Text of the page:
Anti-Qing rebels' secret hideout in Yuen Long declared a monument
An anti-Qing operational base run by an organisation that later formed the Kuomintang is set to become a statutory monument.
The Development Bureau said yesterday it had decided to declare the fortified structure at 55 Ha Pak Nai, Yuen Long, as a monument under the Antiquities and Monuments Ordinance.
The declaration of the building as a monument, which was completed following a consultation with the Antiquities Advisory Board and approval by Chief Executive Donald Tsang Yam-kuen, will be gazetted tomorrow.
The building is the only remaining one in Hong Kong with solid evidence of having a direct connection with the revolutionary movement under the leadership of Sun Yat-sen, the bureau said in a brief prepared for the Legislative Council.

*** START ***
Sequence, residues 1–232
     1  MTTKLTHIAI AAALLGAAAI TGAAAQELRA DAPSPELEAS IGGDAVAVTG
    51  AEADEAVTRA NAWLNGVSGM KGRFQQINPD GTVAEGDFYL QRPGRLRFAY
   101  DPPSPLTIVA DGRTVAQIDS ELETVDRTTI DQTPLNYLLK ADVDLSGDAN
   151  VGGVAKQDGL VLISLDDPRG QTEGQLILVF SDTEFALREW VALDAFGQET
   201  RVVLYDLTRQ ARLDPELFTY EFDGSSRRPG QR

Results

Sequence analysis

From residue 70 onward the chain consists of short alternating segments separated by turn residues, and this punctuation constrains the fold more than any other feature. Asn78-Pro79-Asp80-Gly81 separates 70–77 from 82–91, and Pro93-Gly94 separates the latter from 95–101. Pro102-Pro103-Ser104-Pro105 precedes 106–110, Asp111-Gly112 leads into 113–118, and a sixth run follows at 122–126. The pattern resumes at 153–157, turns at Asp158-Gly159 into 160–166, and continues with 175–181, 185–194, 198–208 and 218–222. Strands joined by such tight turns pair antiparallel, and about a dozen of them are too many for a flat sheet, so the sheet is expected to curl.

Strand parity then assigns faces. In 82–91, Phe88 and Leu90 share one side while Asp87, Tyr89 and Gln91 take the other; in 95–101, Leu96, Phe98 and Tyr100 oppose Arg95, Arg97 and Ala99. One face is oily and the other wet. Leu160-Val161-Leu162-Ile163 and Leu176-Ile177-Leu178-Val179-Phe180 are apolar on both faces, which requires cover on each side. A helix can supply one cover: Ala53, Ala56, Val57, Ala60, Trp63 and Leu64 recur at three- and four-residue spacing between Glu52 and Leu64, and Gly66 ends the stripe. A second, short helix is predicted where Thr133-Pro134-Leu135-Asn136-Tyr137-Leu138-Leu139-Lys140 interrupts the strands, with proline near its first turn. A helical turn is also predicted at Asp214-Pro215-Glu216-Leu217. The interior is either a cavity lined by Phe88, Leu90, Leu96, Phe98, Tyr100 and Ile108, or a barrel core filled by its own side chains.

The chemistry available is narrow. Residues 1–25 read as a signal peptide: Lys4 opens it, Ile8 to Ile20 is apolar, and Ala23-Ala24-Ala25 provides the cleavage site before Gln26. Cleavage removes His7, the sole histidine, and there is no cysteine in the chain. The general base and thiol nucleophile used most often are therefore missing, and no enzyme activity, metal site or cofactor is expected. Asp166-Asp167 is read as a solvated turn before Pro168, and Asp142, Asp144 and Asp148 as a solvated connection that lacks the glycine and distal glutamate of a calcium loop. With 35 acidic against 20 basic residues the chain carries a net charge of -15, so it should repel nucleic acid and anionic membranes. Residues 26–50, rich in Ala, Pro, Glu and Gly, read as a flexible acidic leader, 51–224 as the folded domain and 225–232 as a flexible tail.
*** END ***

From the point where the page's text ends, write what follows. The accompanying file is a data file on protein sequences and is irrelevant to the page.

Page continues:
A place of refuge for revolutionaries shortly before the Qing dynasty was overthrown in 1911, the building serves as 'testimony to Hong Kong's role in the revolutionary movement' and had high historical significance, the bureau said.
During the turbulent period the building, disguised as a rice mill and a sugar refinery, was used to hide rebels. It was built around 1910 by a core member of Hsing Chung Hui (Revive China Society), which later formed the Kuomintang.
Following the declaration, the building will be protected under law. Set to become the city's 99th monument, it will be managed by funding from the Leisure and Cultural Services Department.
The authorities said the declaration was conducive to the sustainability principle of protecting Hong Kong's historical assets. This year marks the 100th anniversary of the 1911 revolution.
The year in which revolutionary leader Sun Yat-sen founded, in Hawaii, the Revive China Society. It later became the Kuomintang